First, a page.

From the bin to the shelves



Sofia Bystedt

is the manager of ReTuna shopping mall for upcycled goods in Eskilstuna, Sweden. She has a background in communications and retail and a bachelor’s in behavioral science from Stockholm University.


Creating Chemistry: ReTuna is famous as the world’s first shopping mall for used goods. Can you explain the concept?

SOFIA BYSTEDT: We want people to enjoy coming here and experience shopping as though it was a designer mall. This is how the Circular Economy works in real life. ReTuna was set up in 2015 by the ­Swedish municipality of Eskilstuna as part of its ­commitment to finding innovative solutions for reducing environmental impact and creating sustainable social benefit. Local inhabitants drop off anything they don’t want and we sort it into things that could be upcycled or send it to the municipality’s recycling facility. ReTuna has 5,000 square meters of floor space that houses 13 upcycling shops. The shops pay rent for the space and receive free access to the goods donated. It’s then up to them to find creative and profitable ways of adding value. We are a platform to inspire people and show the world that it is possible to sell reused goods at a profit. This year Ikea is opening its first ever secondhand shop in our shopping mall.

What kinds of things are recycled, and which are the most popular?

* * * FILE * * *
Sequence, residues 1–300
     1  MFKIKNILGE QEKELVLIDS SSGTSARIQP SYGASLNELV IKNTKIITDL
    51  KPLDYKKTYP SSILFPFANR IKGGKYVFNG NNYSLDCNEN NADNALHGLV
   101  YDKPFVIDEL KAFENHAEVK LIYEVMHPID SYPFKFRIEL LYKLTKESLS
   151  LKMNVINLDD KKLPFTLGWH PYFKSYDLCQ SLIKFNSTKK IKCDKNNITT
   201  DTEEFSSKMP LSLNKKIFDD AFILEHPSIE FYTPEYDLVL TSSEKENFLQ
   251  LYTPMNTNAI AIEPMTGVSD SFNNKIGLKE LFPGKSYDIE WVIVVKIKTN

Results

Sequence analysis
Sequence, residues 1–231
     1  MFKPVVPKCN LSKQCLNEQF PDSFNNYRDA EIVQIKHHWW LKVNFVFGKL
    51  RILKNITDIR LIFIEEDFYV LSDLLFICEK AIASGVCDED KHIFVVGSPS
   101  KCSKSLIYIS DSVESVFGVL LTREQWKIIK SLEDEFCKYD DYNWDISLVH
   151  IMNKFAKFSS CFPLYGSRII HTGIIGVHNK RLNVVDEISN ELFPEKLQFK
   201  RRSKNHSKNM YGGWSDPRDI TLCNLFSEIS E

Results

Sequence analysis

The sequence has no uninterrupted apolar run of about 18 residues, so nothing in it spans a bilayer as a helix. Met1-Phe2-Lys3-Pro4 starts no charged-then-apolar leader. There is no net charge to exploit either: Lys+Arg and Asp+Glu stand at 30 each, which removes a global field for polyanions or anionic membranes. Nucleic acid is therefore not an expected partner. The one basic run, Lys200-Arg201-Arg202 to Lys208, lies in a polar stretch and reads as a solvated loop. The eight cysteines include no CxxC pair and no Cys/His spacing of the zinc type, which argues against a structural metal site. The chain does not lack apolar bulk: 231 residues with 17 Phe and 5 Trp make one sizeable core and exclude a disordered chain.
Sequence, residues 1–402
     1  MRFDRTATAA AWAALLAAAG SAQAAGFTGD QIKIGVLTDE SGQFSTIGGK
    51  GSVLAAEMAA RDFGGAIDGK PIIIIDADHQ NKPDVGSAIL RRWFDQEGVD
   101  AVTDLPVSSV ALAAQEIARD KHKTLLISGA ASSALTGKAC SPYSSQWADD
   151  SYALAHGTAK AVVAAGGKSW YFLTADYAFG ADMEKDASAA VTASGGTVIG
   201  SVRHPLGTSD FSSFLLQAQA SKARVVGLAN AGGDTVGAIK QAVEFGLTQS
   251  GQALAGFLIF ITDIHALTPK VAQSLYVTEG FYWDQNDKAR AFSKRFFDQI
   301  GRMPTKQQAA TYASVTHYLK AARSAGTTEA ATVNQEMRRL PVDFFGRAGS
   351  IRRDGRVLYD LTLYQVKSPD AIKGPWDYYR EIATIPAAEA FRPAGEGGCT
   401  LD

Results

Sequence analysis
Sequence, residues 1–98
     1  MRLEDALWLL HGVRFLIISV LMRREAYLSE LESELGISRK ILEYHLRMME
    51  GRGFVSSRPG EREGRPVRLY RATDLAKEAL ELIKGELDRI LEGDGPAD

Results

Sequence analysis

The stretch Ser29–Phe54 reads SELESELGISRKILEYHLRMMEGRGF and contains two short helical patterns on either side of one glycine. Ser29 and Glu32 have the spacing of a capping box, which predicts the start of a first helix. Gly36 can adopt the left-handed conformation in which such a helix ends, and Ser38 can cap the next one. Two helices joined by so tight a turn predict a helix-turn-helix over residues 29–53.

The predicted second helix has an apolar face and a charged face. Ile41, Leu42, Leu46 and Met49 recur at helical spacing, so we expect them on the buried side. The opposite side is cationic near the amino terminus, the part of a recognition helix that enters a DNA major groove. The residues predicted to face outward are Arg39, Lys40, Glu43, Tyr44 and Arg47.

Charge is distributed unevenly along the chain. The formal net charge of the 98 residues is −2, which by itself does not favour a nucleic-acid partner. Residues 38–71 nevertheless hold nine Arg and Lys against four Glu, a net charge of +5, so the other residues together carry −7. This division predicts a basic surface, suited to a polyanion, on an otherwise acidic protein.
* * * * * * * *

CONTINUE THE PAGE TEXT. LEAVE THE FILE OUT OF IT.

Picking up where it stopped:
The most popular are electronics, followed by clothing, interior design and sports equipment. Home renovations have been popular during the Covid-19 pandemic, so we’ve had a lot of fridges, bathtubs and building waste. Working together to organize what goes where has been one of the key challenges of the project, but we have learned a lot!


Which are the most difficult items to resell?

We are overwhelmed with clothes. We run swapping events, catwalk shows and designer competitions; it’s a real challenge for the sorters and upcyclers. Things like tube TVs or underwear are passed on to commercial ­recyclers. Cultural attitudes and economics are both important factors in reuse and upcycling people here would rather buy new underwear, and they can afford to.


Have you developed other strategies to change consumer behavior?

We host conferences and events, run repair workshops and school programs. Our latest venture is working with ten kindergartens, encouraging pre-school children to think that reusing and ­recycling things is as normal as brushing their teeth every morning.


How do you measure your success?

First, the business model is working. We had a turnover of 14.9 million Swedish krona (€1.45 million) in 2019, and we have created over 50 jobs. We have, on average, over 700 visitors a day, from locals to tourists and climate change activists who travel here to visit us at the weekend. We hope to work with the Swedish Environmental Research Institute (IVL) to evaluate our workshops and outreach programs because it’s very difficult to develop metrics for changing attitudes.


What advice would you offer other cities seeking to establish a similar system?

You can’t just cut and paste this model somewhere else; you have to think about local markets, cultures and geographies. You also need a huge investment to start with, and a long-term commitment to support it. We are now an important institution in the town, and have set the benchmark for the values the municipality cares about.